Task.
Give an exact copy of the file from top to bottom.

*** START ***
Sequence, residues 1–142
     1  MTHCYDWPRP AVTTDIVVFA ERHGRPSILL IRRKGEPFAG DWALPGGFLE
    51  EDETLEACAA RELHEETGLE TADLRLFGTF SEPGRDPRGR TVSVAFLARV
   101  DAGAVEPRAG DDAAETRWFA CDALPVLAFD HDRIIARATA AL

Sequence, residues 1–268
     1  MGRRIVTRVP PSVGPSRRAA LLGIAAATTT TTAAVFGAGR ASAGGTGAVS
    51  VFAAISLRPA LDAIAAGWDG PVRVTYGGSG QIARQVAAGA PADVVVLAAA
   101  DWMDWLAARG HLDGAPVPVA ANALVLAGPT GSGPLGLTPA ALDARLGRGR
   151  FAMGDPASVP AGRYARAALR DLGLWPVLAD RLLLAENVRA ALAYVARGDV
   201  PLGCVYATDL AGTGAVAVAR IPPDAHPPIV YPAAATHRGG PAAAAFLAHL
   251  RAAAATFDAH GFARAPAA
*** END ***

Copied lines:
Sequence, residues 1–142
     1  MTHCYDWPRP AVTTDIVVFA ERHGRPSILL IRRKGEPFAG DWALPGGFLE
    51  EDETLEACAA RELHEETGLE TADLRLFGTF SEPGRDPRGR TVSVAFLARV
   101  DAGAVEPRAG DDAAETRWFA CDALPVLAFD HDRIIARATA AL

Sequence, residues 1–268
     1  MGRRIVTRVP PSVGPSRRAA LLGIAAATTT TTAAVFGAGR ASAGGTGAVS
    51  VFAAISLRPA LDAIAAGWDG PVRVTYGGSG QIARQVAAGA PADVVVLAAA
   101  DWMDWLAARG HLDGAPVPVA ANALVLAGPT GSGPLGLTPA ALDARLGRGR
   151  FAMGDPASVP AGRYARAALR DLGLWPVLAD RLLLAENVRA ALAYVARGDV
   201  PLGCVYATDL AGTGAVAVAR IPPDAHPPIV YPAAATHRGG PAAAAFLAHL
   251  RAAAATFDAH GFARAPAA